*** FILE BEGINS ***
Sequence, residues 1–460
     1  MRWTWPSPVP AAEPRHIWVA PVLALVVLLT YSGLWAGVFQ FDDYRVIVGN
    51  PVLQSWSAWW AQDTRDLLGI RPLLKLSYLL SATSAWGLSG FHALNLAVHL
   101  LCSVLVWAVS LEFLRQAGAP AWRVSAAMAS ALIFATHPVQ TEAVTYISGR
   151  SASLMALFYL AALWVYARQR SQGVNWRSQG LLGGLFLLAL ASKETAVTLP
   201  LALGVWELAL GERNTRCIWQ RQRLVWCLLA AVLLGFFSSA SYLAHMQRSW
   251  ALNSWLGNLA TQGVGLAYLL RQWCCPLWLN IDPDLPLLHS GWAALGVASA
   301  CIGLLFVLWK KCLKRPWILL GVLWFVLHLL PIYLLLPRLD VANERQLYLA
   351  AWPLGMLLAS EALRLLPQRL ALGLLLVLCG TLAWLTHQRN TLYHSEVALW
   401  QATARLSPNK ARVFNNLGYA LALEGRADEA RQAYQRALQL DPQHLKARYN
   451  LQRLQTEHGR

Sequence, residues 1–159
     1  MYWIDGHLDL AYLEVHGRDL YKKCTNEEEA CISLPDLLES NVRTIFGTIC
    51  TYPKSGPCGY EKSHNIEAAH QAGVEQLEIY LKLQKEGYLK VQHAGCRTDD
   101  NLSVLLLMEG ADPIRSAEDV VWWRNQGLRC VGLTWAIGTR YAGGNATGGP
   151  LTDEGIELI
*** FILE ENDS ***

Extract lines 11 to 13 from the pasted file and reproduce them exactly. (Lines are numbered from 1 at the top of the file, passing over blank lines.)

   451  LQRLQTEHGR

Sequence, residues 1–159
     1  MYWIDGHLDL AYLEVHGRDL YKKCTNEEEA CISLPDLLES NVRTIFGTIC